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  • Typical chemical-induced disturbances in cardiac function consist of effects on heart rate (chronotropic), contractility (inotropic), conductivity (dromotropic), and/or excitability (bathmotropic).
  • Any xenobiotic that disrupts ion movement or homeostasis may induce a cardiotoxic reaction composed principally of disturbances in heart rhythm.
  • All toxicants absorbed into the circulatory system contact vascular cells before reaching other sites in the body.
  • Common mechanisms of vascular toxicity include (1) alterations in membrane structure and function; (2) redox stress; (3) vessel-specific bioactivation of protoxicants; and (4) preferential accumulation of the active toxin in vascular cells.

The cardiovascular system has two major components: the myocardium and a diverse network of vascular vessels consisting of arteries, capillaries, and veins. Both components function to supply the tissues and cells of the body with appropriate nutrients, respiratory gases, hormones, and metabolites and to remove the waste products of tissue and cellular metabolism as well as foreign matter such as invading microorganisms. n addition, the cardiovascular system is responsible for maintaining the optimal internal homeostasis of the body as well as for critical regulation of body temperature and maintenance of tissue and cellular pH.

Figure 18–1 illustrates the basic anatomy of the heart. The main purpose of the heart is to pump blood to the lungs and the systemic arteries so as to provide oxygen and nutrients to all body tissues.

Figure 18–1

Diagram illustrating the basic anatomy of the heart.

Review of Cardiac Structure

The structural organization of myocardial tissue is shown in Figure 18–2. The primary contractile unit is the cardiac muscle cell, or cardiac myocyte. Cardiac myocytes are composed of contractile elements known as myofibrils, which consist of a number of thick and thin myofilaments. The thick filaments are special assemblies of the protein myosin, whereas the thin filaments are primarily the protein actin. Cardiac myocytes are joined end-to-end by intercalated disks where there are tight gap junctions that facilitate action potential propagation and intercellular communication.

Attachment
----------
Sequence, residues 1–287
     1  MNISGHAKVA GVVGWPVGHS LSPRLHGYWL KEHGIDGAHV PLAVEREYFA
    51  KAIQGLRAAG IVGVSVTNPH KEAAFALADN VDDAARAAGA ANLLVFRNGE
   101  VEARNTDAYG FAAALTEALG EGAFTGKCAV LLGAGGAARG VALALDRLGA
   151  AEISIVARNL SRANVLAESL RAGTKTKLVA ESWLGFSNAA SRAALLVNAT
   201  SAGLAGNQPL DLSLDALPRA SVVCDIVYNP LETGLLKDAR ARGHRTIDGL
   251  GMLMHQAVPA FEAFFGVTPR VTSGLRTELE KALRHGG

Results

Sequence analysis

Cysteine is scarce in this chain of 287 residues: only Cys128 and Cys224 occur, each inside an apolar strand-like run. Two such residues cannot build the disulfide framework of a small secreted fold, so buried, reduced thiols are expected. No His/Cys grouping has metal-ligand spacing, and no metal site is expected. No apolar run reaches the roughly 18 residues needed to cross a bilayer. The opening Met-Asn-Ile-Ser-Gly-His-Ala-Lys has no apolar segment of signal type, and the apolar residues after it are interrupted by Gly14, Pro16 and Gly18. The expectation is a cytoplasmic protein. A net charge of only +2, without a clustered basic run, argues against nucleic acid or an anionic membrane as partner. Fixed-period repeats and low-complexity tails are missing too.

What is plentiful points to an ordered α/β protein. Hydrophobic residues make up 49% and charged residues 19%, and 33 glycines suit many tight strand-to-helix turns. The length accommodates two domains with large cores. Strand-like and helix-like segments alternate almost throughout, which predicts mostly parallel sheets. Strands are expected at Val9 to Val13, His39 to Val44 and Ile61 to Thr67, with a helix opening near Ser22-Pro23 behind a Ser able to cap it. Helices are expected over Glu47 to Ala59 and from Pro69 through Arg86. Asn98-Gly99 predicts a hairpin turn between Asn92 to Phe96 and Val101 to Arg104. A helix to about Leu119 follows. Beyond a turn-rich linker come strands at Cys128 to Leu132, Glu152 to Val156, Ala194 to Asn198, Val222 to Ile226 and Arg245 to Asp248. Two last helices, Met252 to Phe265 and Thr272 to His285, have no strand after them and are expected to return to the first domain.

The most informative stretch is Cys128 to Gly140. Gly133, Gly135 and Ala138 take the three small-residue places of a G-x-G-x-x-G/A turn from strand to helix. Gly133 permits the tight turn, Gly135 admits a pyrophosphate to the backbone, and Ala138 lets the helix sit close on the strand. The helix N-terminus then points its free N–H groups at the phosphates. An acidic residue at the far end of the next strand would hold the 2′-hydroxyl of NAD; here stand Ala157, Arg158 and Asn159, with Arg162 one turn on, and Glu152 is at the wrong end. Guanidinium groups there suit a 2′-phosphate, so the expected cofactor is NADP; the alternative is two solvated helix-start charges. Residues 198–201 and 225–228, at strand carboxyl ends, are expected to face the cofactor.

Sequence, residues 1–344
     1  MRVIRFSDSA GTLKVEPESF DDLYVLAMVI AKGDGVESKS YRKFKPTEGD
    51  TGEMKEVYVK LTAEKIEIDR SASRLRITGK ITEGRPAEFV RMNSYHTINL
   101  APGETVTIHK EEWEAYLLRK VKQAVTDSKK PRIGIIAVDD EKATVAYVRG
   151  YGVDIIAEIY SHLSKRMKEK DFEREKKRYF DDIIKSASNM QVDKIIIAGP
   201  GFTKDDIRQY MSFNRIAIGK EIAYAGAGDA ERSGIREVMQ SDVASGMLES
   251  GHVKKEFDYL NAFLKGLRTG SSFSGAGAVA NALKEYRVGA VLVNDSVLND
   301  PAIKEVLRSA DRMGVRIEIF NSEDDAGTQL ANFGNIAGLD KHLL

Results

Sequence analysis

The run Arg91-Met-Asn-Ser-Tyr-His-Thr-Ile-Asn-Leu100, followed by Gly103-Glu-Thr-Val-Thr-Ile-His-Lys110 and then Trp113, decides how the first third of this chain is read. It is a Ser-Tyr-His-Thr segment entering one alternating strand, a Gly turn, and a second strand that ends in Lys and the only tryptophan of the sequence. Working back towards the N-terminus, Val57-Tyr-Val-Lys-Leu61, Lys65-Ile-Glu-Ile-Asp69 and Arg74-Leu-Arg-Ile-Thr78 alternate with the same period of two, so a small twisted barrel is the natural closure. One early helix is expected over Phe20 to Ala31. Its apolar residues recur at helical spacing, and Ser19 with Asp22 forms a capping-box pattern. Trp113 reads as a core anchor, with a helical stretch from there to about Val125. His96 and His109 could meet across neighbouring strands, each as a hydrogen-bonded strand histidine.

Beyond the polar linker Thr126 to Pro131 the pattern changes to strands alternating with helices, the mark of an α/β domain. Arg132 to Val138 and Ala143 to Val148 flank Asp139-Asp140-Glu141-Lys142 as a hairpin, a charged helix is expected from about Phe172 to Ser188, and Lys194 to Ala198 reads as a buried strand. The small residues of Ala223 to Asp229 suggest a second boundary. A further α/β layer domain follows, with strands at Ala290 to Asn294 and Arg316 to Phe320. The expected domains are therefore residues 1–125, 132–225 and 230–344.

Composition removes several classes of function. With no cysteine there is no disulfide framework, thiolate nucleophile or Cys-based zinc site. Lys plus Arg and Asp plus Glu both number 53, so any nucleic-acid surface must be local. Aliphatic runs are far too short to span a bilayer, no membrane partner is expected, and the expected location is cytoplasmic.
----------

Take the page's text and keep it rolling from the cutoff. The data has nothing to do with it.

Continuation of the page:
Figure 18–2

Structural organization of cardiac muscle tissue.

The heart contains cardiac myocytes, which contribute the majority of cardiac mass. Cardiac fibroblasts, vascular cells, Purkinje cells, and other connective tissue cells make up the majority of cells in the heart. Hypertrophy of remaining cardiac myocytes is a hallmark of cardiac remodeling following myocardial injuries. Cardiac fibroblasts promote fibrosis and scarring of injured cardiac tissue. The heart is vulnerable to injury because of the limited proliferative capacity of cardiac myocytes, and promotion of cardiac fibroblast proliferation and cardiac remodeling following injury.

Cardiac Electrophysiology

The characteristic appearance of the cardiac action potential demonstrates how ion currents result in changes in membrane potential (Figure 18–3). In a resting cell, the density of the electrical charge on both sides ...

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